Issue #13815 has been updated by phluid61 (Matthew Kerwin).


opti (Andreas Opti) wrote:
> >If you want the same behavior, you need to use parentheses:
> >3.times { p((x,y = x+1,y+1)) }
> 
> # ok, but also with ((...)) [most people] would assume its meaning is (x,  y=x+1,  y+1)...
> 

Most people wouldn't write it in the first place.

You *could*, if you really, really wanted to do a multiple assignment **and** capture the result into an array **and** `p` the array, all in one step.

I don't think it's a parser issue, though; the parser does a logical thing at each step.  It's the author who's doing something weird.

> 
> *Other example:
> p(x+=1,x+=1)  # ok
> p (x+=1,x+=1)  # error

Well, yeah, but this is well known, well defined ruby.  `p(x)` is unambiguous function call; `p (x)` is a parenthesised `(x)` being passed as the first positional argument to `p`.

It might help illustrate by replacing the `p` function call with, say, an assignment:

~~~
#p(x)
a = x

#p((x))
a = (x)

#p x
a = x

#p (x)
a = (x)

#p (x+=1,x+=1)
a = (x+=1,x+=1) #???

#p ((x,y)=[x+1,y+1])
a = ((x,y)=[x+1,y+1])
# Note: multiple assignment returns the whole array, so a == [x,y]
# This can also be written: a = (x,y=[x+1,y+1])  or:  a = (x,y=x+1,y+1)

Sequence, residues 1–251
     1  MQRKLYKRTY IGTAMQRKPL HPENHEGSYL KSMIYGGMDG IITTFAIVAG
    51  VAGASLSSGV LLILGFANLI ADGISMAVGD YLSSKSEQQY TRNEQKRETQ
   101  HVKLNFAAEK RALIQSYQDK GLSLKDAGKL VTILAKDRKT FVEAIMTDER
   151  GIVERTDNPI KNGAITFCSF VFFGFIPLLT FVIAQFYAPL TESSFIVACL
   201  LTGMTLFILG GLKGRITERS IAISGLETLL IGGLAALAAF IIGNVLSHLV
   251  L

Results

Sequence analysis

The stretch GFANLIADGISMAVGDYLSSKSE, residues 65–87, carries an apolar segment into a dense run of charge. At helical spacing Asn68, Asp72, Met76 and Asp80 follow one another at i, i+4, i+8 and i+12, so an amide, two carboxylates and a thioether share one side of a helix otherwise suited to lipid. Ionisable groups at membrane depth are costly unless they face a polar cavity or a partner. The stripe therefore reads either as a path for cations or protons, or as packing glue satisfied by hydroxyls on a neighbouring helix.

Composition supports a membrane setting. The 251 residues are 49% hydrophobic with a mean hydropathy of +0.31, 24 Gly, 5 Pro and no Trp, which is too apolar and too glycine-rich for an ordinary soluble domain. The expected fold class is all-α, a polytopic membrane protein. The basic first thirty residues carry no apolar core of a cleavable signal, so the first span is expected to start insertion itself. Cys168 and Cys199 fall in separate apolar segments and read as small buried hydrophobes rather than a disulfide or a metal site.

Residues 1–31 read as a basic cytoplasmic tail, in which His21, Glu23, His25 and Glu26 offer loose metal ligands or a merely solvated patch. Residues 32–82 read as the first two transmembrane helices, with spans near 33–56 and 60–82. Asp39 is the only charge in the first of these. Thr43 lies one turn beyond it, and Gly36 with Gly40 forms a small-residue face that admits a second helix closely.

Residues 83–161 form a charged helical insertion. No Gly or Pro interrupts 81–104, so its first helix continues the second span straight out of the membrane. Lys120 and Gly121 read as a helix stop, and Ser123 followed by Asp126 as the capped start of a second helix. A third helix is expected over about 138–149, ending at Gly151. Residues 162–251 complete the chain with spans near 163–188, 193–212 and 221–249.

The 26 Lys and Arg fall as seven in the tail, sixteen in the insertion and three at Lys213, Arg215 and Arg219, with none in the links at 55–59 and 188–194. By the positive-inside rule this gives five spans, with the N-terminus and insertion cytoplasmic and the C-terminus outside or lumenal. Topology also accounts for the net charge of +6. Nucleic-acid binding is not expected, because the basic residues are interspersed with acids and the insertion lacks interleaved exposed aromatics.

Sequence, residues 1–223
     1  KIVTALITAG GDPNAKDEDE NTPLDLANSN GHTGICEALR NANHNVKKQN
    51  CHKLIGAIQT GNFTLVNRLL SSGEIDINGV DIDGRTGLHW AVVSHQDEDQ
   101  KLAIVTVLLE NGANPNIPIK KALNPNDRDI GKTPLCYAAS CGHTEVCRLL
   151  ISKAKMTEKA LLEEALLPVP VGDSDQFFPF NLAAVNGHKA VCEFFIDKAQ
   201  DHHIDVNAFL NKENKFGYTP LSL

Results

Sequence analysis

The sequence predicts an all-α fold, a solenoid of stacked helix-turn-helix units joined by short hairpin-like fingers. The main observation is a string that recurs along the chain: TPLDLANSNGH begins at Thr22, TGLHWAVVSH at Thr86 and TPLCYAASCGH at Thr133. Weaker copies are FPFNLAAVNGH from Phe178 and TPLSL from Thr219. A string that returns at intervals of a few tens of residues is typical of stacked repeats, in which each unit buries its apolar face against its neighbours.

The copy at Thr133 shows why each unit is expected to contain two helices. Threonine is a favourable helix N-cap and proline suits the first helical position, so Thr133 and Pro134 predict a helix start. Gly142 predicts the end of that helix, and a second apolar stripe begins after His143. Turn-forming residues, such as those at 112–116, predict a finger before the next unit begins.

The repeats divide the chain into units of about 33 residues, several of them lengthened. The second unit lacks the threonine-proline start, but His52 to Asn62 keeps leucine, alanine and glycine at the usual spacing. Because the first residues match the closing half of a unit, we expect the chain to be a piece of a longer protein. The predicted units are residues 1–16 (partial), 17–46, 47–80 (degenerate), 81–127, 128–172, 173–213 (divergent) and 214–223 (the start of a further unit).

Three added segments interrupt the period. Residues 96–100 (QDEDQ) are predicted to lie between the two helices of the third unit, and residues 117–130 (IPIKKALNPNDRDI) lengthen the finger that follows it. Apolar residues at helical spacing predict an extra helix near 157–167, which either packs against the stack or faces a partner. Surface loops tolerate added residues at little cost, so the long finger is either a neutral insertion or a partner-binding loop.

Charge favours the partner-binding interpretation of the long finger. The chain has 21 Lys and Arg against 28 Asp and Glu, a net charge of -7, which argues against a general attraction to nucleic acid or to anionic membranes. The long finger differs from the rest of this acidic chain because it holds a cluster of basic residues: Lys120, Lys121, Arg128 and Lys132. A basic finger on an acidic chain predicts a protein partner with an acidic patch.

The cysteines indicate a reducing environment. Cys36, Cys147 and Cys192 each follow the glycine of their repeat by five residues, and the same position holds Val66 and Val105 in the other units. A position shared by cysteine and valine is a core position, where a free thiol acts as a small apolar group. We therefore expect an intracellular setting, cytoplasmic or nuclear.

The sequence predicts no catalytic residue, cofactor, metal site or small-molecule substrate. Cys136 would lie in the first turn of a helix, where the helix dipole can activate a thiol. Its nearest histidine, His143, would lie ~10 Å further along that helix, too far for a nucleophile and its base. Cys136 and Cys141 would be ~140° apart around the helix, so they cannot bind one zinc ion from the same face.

#p((x,y)=[x+1,y+1])
a = (x,y)=[x+1,y+1] #???  This part doesn't make sense: a = (x,y)
~~~

> 
> So the parsing of p(Args) might be improved...

I don't like saying this, but I think this is a case where you have to get familiar with ruby's syntax.  It all makes sense once you understand how the parser sees what you've written.

----------------------------------------
Bug #13815: p args
https://bugs.ruby-lang.org/issues/13815#change-66208

* Author: opti (Andreas Opti)
* Status: Open
* Priority: Normal
* Assignee: 
* Target version: 
* ruby -v: 2.5.x
* Backport: 2.2: UNKNOWN, 2.3: UNKNOWN, 2.4: UNKNOWN
----------------------------------------
x=y=0  # outside defined vars!
3.times {|i| x,y=x+1,y+1 }  # as expected: x==3
3.times {|i| p(x,y=x+1,y+1) }  # NOT as expected: x not changed!
  # x,y are the same vars as above. p shoudn't have any effect on scope






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